The Delmark label has been a blues and jazz mainstay for a long time and to celebrate their 50 year anniversary, they have released this specially priced two-disc compilation of some of their finest blues. Although they are based in Chicago and have been instrumental in documenting that scene (along with Chess Records) what’s interesting about this compilation is the variety of the music available. From straight up Chicago blues to boogie-woogie piano, there’s quite a bit of music here.

Highlights abound but some of the real standouts include a killer live “I Can’t Quit You Baby” by Otis Rush – he brings this from deep down with some deeply impassioned singing and as always great guitar playing. Another real treat is the raw treatment of “Rollin and Tumblin’” by Little Walter backed by Muddy Waters. But there really isn’t a bad track on this set.

If you enjoy traditional blues, this is hard to beat for the price. And as an introduction to the Delmark catalog, whether for piano blues, classic south side guitar, or great female vocalists this compilation marks an excellent starting point.

Rating: 8

Comments to: timnil2002@yahoo.com

Thursday, October 09, 2003

Chick Corea – Rendezvous in New York (Stretch, 2003)

Rendezvous in New York is a two-disc set of Chick in different duo and ensemble formats in a string of concerts to celebrate his 60th birthday. The set starts on a bit of a wrong foot for me with three rather lengthy tracks with Chick and Bobby McFerrin. I’m afraid that I’ve never had much patience for jazz singers (blues belters are quite another matter) and as interesting as McFerrin’s vocal gymnastics may be, I cannot warm to him. He takes the lead scatting on an abstract version of Blue Monk – Carmen NcRae aside, Monk is tough enough to play, let alone sing!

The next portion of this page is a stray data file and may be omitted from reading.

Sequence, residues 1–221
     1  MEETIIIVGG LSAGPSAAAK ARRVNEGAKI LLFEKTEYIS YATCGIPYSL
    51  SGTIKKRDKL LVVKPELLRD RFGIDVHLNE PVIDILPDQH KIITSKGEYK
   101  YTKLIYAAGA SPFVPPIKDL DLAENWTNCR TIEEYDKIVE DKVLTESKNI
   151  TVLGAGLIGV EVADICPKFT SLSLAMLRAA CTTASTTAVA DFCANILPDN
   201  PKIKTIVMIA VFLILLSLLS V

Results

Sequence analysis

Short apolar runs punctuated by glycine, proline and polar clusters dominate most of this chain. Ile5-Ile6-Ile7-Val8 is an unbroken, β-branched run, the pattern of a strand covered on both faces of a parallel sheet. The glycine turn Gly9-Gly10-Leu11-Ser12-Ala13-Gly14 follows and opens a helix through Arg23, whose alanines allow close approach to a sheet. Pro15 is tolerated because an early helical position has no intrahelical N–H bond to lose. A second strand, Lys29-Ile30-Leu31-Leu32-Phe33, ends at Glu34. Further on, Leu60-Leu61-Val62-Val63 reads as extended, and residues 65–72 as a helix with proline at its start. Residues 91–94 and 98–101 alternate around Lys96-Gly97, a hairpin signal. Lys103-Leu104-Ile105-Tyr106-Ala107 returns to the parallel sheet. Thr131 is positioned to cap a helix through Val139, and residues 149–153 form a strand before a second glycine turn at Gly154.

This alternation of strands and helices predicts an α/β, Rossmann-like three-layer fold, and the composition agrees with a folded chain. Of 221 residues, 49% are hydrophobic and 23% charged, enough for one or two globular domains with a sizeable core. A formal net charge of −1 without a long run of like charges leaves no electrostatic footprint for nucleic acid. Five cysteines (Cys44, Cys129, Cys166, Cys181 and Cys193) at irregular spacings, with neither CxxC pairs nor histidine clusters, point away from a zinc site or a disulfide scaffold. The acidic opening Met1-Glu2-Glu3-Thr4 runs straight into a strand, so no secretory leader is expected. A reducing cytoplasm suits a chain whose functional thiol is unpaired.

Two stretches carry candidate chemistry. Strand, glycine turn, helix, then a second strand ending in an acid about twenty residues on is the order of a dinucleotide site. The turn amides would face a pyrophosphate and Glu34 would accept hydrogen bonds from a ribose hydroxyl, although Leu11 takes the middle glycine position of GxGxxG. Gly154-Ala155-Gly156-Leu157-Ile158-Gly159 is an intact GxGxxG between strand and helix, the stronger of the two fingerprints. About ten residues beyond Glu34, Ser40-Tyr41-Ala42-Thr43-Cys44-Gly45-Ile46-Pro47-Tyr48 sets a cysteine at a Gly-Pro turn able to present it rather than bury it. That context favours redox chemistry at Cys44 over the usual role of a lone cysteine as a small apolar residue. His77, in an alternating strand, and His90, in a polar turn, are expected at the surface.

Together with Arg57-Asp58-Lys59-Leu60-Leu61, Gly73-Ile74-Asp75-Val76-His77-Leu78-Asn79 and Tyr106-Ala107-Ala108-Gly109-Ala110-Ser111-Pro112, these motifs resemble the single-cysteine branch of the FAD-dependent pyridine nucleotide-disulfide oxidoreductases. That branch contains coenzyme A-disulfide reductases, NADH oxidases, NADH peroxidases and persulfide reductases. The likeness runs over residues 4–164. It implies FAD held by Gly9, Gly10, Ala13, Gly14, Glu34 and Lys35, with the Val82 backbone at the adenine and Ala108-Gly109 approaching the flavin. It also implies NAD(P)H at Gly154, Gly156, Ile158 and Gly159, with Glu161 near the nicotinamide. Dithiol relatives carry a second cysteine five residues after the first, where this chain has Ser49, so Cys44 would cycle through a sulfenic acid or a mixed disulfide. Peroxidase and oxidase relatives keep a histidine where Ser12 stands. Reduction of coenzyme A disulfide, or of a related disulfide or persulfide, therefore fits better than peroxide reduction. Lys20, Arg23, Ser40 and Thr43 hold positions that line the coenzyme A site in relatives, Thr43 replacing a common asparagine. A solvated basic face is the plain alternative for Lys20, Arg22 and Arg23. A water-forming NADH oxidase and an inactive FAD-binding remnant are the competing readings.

Things improve considerably when McFerrin leaves the bandstand. Roy Haynes and Miroslav Vituous remake some of a Chick’s trio music from the 70’s with a stirring version of Matrix, and then the band that put out the Chick Corea and Friends Remembering Bud Powell disc a few years ago, with Terence Blanchard replacing Wallace Roney. The band just rips through a medley of Glass Enclosure and Tempus Fugit, and it is a highlight of the first disc. Things mellow out a little bit with a duo performance with Gary Burton on Cyrstal Silence. Things move to a galloping conclusion on the first disc with a performance by the Akoustic Band of John Coltrane’s Bessie’s Blues.

Disc 2 picks up where the Akoustic band left off, with a nice version of Autumn Leaves, which was a mainstay of the Akoustic Band’s set lists back during their Grammy winning heyday. It’s interesting to see that the Elektric Band is not represented on these discs at all, one has to wonder if Chick is going the route of another Miles Davis alum, Keith Jarrett, and renouncing electric instruments altogether…

There’s a nice version of Armando’s Tango with the Origin group which has been the vehicle for some of Corea’s finest music of late. Excellent solos abound. A bit of a surprise after that, in the form of a piano duet performance of Concerto De Aranjuez, with Gonzalo Rubalcaba instead of longtime piano duet partner Herbie Hancock. It’s a very pretty performance.

The very successful second disc ends with performances of Lifeline with Corea’s current trio (Cohen and Ballard) and of Quartet Number 2 Part 1 (old confederates Brecker, Gomez and Gadd returning to the fold.) The music is quite nice and the crowd appreciates what the band is putting down.